FTC Expresses Concern with MLM Component

The FTC announced a settlement with Fortune Hi-Tech Marketing, its related companies and its principals regarding a multi-level marketing (“MLM”) program that the FTC contended was a pyramid scheme. In particular, the FTC challenged its practices of making false earnings claims and targeting Hispanic and immigrant communities, in addition to the fact that fees were earned on recruiting, not on the sale of product or services. Moreover, the FTC claimed that 98% of participants lost more money than they made.

The settlement includes a ban on operating MLM programs. While this is likely due to the alleged missteps by defendants, the settlement goes beyond MLM programs to bar defendants from engaging in a “Prohibited Marketing Program.”

Specifically, a prohibited marketing program is defined as “any marketing program or plan in which any participant pays money or valuable consideration in return for which the participant receives the right to receive rewards in return for recruiting other participants into the program or plan, which are unrelated to the sales of products or services to ultimate users.” For the purposes of this definition, “sale of products or services to ultimate users” does not include sales to other participants or recruits or to the participants' own accounts.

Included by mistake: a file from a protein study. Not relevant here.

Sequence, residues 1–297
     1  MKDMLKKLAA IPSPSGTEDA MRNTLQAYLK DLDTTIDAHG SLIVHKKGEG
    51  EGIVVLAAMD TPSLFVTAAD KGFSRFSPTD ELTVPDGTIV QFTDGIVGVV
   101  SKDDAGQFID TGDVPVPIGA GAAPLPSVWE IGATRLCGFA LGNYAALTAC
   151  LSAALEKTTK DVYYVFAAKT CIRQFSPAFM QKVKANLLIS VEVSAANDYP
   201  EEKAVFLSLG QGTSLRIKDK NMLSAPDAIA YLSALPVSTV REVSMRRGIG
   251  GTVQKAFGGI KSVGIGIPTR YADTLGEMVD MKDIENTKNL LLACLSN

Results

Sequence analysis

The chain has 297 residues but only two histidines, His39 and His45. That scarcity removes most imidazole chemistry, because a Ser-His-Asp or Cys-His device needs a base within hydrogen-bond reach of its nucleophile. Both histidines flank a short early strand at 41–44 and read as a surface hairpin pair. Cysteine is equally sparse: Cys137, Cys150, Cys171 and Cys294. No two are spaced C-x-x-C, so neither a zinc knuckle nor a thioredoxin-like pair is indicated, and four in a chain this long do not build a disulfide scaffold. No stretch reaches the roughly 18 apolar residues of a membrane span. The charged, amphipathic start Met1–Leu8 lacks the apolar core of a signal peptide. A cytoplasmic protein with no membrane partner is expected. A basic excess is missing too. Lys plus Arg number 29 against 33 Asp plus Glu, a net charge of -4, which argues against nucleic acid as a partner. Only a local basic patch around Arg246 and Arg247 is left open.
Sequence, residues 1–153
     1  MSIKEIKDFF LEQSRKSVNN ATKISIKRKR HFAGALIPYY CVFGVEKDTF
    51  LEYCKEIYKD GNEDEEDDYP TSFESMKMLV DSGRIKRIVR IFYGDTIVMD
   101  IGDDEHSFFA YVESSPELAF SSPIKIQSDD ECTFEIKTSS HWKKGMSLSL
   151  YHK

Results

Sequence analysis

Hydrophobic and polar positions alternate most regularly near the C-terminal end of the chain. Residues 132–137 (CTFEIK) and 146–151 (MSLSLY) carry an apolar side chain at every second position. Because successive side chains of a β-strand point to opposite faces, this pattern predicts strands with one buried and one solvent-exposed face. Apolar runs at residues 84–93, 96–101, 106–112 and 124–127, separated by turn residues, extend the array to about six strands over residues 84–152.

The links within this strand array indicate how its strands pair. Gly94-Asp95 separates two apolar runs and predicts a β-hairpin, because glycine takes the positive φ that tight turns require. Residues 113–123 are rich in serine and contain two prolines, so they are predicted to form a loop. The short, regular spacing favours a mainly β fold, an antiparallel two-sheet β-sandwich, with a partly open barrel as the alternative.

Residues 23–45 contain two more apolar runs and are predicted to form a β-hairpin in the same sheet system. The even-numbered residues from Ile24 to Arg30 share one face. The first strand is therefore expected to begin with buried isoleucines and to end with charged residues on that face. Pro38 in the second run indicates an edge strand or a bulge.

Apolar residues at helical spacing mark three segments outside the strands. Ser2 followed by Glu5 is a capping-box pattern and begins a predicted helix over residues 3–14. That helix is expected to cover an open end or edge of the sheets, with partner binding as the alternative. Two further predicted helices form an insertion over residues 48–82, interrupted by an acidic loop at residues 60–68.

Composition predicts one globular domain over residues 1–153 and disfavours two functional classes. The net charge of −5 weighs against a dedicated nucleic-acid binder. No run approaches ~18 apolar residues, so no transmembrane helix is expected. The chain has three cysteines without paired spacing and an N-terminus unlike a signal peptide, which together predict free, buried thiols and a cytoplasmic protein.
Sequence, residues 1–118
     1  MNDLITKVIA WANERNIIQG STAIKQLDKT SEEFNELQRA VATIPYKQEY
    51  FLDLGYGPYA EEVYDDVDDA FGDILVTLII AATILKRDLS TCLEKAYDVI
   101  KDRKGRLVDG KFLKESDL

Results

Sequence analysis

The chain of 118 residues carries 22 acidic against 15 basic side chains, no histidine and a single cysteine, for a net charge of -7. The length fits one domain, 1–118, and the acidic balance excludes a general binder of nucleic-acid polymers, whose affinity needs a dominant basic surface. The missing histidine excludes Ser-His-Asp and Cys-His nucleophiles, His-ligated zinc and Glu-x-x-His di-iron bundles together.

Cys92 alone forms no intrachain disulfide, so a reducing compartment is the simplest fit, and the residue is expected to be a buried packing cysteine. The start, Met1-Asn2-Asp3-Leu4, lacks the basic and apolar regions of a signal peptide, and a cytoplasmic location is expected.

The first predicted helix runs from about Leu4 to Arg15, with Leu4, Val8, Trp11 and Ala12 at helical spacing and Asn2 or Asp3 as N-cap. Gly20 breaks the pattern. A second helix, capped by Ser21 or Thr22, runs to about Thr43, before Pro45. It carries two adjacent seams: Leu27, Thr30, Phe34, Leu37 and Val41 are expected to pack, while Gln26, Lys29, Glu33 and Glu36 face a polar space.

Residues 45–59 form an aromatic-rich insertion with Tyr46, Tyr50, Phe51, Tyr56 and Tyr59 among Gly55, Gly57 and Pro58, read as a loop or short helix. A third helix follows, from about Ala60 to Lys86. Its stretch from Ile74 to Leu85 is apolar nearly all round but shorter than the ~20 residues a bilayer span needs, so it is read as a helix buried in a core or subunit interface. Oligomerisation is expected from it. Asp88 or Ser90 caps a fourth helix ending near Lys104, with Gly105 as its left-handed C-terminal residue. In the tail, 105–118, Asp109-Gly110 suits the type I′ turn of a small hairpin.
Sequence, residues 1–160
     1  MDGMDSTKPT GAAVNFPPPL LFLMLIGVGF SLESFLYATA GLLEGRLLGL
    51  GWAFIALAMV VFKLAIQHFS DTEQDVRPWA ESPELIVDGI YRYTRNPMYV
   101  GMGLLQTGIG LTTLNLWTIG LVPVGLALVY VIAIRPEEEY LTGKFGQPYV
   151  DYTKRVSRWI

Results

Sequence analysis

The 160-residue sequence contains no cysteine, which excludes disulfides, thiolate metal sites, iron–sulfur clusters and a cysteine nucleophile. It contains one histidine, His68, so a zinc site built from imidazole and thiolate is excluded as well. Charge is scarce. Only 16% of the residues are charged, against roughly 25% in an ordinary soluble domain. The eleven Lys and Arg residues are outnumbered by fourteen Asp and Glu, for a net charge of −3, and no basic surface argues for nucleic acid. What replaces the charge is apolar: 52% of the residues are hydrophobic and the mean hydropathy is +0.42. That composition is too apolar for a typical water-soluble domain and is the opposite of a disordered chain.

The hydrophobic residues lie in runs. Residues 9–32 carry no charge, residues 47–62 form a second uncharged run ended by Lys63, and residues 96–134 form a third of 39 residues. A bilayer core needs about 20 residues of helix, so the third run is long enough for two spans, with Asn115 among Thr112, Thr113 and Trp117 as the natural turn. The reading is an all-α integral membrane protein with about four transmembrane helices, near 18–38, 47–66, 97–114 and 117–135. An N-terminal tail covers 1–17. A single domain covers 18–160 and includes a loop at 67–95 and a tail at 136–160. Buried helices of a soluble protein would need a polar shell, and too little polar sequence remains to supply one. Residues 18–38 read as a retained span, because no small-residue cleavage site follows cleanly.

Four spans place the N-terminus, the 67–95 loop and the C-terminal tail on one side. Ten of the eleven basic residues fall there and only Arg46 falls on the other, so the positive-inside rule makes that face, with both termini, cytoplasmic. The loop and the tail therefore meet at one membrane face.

The definition of “Prohibited Marketing Practices” is perhaps the most interesting take-away from the settlement. The FTC has previously raised concerns with the common direct sales program practice of paying commissions on sales to persons within the network, wanting participants to only receive commissions on true third-party sales. Indeed, this restriction is the same one contained in the “Prohibited Marketing Scheme” provision contained in the federal district court order in Burn Lounge, which also prohibits earnings from sales to participants or other recruits.

While neither the Fortune Hi-Tech settlement nor the Burn Lounge order are binding on persons other than the defendants, the fact that the FTC uses the term “prohibited marketing practices” or “prohibited marketing scheme” to prohibit the paying of commissions to persons within the network clearly indicates its concern with this aspect of direct sales programs. As such, direct sales operators should closely evaluate this aspect of their program, in addition to the other more controversial aspects, such as earnings claims and targeting minority community members.

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